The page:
Recent European Parliament and local elections were a boost for Italy’s Matteo Renzo, the leftist prime minister who came to power in February.
Despite gains for the anti-establishment Five Star Movement in a number of cities, including Livorno, where the left had governed virtually unchallenged since the end of World War II, Renzi’s Partito Democratico took control of well over half of the 139 cities and towns that held elections on Sunday.
A bribery scandal in Venice, where the left’s mayor was placed under house arrest, possibly dented the results for the ruling party after its triumph in last month’s European Parliament elections but the two electoral performances still underlined a turnaround in the party’s fortunes since Renzi maneuvered Enrico Letta out of office earlier this year.
The Democrats won almost 41 percent support in the European election, up from 25 percent in last year’s parliamentary vote.
Former prime minister Silvio Berlusconi’s Forza Italia placed behind the Five Star Movement with under 17 percent support, losing more than half its European assembly seats.
Interior minister Angelino Alfano’s Nuovo Centrodestra, which split from Berlusconi’s populist conservative party late last year to continue to support the government, got under 5 percent of the votes — enough to win three European Parliament seats but barely meeting the 4.5 percent electoral threshold that was introduced for national elections in January.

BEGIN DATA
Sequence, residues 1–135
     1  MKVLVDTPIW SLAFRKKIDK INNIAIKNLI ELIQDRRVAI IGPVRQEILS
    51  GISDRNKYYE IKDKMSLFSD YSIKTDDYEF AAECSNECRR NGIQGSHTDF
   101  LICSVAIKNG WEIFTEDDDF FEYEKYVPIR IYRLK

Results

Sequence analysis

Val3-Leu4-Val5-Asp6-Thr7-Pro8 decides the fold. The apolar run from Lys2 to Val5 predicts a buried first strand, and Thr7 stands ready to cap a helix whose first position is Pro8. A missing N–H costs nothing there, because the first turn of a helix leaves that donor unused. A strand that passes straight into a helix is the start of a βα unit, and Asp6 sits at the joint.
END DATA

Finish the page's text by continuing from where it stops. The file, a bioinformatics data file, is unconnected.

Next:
Renzi struck a deal with his foe Berlusconi that month to make it easier for larger parties to win majorities in both houses of parliament. Neither the left nor the right won a majority in the Senate in last year’s election, forcing them into a coalition that fractured after less than a year when Forza Italia went into opposition.
The two most recent election results give Renzi a strong mandate to continue his political and economic reforms. Among his priorities are keeping Italy’s public deficit under the European Union’s treaty ceiling of 3 percent of economic output and reforming the country’s sclerotic labor market by cutting payroll taxes and enhancing protection for newly hired workers.
Italians are notoriously difficult to fire, making firms reluctant to hire young workers. 43 percent of Italians under the age of 25 were out of work in April when the general jobless rate stood at 12.6 percent.